Does it have any flaws? Well, he’s trying his best to create believable, autonomous female characters here. And he succeeds far beyond anything he’d done before. But it’s still an extremely male-centered novel. I do maintain that Naoko and Midori are depicted as individuals, but of course they’re not complete strangers to some persistent stereotypes of girlishness. And Watanabe’s sex life is nothing short of male wish-fulfillment: not only do Naoko and Midori want him desperately, but wise old Reiko also turns out to be craving the young male phallus. I think this all works thematically – Watanabe needs them as much as they need him, and sex is held up as the ultimate in meaningful intimacy (especially with Reiko), while meaningless sex is, really for the first time in Murakami, questioned. But at the same time it’s a faintly pathetic male fantasy of sexual potency.
Then there’s Reiko’s story, her harrowing account of being seduced by the sociopathic thirteen-year-old girl. This is the one episode in the novel that most marks it as Murakami Haruki’s work, I think: it’s so out-of-left-field, so bizarre and yet so deadpan. Structurally it throws a monkey-wrench into the machinery of the plot – but in a good way. It introduces a note of weirdness, of nonfunctional randomness, that throws the purposefulness of the rest of the book into clear relief. Plus it’s brilliantly written and staged: it’s like a dramatic monologue in a play that rivets you to your seat. But, the thinking about sexuality here, the pathologizing of homosexuality, do make the modern (Western?) reader cringe a little. He’d come around – The Sputnik Sweetheart is Murakami trying to join the 21st century on the issue of homosexuality – but not yet.
So, okay, this is still my favorite Murakami novel. It’s the one I’ve read more than any other – maybe more times than any novel, period – and it never fails to move me. To move me – my reaction to it has always been primarily emotional, having felt some of the same emotional/spiritual choices confronting me at 19 (without all the death, of course). This is the first time I’ve read it with the specific intent of engaging with it intellectually. And it still moved me – but I was gratified to find that it was rewarding on other levels, too.
Postscript: Rubin’s reading of the ending is the opposite of mine. He notes that having Reiko show up wearing Naoko’s clothes, and having Watanabe sleep with her as part of their wake for Naoko, means that Watanabe is in fact choosing Naoko, and living with his memories of her, over Midori and life and the future. As further evidence, Rubin notes that the two present-day scenes in the book – the opening arrival in Hamburg and the brief flash-forward to Santa Fe – contain no suggestion that Watanabe did in fact make a successful relationship with Midori. I agree with most of this: clearly Reiko is a surrogate for Naoko, and sleeping with her is in a sense consummating his relationship with Naoko. But it’s also sleeping with Reiko herself – who is a fully realized individual, even if she’s a comic figure. And I think it’s possible to read this as goodbye sex – putting the ghosts of the past to rest – rather than as a sign that Watanabe’s never going to be able to let go. Similarly, since he hasn’t actually embarked on a relationship with Midori yet, sex with Reiko could be seen, not as a delaying action or a betrayal, but rather as preparation – sexual healing for himself before he’s ready to give himself to Midori. As for the present-day scenes: yes, I agree they’re almost maddeningly vague. They don’t give us any indication that he’s happily married to Midori – but neither do they provide evidence that he’s not. All they show is that, years later, his old war wound can still give him pain sometimes. Well, that’s life, isn’t it? Married or not. In other words, Rubin reads the end of the novel as: he tries to choose Midori, but his heart is still with Naoko, and so he spends his life miserable and alone. I read the end of the novel as: he chooses Midori, full stop, but we don’t know if she accepts him, and so we don’t know if he spends his life alone and miserable or married with occasional nostalgia. Could go either way.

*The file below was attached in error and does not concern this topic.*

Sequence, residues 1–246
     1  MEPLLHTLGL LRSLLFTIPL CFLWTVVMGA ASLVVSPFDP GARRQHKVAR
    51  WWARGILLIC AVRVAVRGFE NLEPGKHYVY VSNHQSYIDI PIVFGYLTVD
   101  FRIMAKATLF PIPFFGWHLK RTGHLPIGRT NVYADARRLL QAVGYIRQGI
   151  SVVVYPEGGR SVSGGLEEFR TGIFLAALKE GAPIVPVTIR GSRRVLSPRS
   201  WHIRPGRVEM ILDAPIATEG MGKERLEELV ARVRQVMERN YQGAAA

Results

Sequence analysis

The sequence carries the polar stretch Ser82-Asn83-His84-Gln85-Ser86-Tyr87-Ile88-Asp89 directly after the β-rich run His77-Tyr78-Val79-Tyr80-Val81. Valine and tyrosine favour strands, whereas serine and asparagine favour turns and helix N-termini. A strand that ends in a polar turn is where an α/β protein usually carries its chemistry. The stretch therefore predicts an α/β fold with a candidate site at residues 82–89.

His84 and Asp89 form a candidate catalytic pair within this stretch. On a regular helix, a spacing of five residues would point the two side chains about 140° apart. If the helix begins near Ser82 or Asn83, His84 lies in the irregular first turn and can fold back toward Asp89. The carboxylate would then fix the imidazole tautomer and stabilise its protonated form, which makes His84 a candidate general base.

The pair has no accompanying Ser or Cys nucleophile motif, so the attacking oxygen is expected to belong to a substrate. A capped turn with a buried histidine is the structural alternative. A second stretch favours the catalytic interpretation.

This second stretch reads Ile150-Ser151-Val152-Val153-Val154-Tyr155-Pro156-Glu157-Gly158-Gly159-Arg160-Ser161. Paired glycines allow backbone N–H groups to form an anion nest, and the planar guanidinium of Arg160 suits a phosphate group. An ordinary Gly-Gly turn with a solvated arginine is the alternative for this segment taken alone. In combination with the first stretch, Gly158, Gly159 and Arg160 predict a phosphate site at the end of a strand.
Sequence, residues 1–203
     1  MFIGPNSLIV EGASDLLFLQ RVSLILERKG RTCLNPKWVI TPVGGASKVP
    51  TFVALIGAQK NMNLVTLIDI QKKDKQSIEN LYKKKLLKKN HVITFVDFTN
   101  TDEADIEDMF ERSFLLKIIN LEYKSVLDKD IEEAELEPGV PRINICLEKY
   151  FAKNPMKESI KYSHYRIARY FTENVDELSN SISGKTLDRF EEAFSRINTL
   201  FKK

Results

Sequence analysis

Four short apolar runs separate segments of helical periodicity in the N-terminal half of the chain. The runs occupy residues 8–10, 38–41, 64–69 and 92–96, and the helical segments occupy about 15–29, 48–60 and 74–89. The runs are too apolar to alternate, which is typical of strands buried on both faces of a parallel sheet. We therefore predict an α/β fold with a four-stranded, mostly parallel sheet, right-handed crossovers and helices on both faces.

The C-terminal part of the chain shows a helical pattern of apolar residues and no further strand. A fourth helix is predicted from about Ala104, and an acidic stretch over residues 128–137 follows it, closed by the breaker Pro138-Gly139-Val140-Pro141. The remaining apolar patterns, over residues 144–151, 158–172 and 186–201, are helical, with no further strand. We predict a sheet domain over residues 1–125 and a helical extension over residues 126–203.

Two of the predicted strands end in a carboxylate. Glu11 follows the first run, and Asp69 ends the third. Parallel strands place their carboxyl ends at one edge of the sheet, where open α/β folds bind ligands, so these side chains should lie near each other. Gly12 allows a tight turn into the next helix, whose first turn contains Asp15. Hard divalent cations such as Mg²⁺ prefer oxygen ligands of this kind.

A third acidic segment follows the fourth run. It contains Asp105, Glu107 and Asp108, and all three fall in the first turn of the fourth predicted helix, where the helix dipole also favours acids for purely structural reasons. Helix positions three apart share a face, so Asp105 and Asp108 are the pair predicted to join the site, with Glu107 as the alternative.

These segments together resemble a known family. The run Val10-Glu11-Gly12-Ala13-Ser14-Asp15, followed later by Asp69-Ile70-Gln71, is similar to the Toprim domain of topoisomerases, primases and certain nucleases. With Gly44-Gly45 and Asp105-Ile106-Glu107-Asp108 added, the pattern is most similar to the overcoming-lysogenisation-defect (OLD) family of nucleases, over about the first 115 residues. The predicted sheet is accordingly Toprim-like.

Another postscript: I've only ever read this, in English, in Birnbaum's translation. It was what I encountered first - and it was, in fact, the first Murakami I ever read - and I've lost count of how many times I've gone back to it over the years. Even after Rubin's translation appeared in the West, I've never been able to bring myself to read it. When I feel like going back to Norwegian Wood in English, it's Birnbaum's - those words - that I want to go back to. It had nothing to do with accuracy. It's about having encountered it at a particular time in my life and finding it deeply moving and meaningful to me then, and having that reading experience still live inside me ever since as a part of my memory of that time in my life. I've always feared that by switching translations I was going to fuck that up. Well, we'll see - I'm slated to read the Rubin translation in a few months.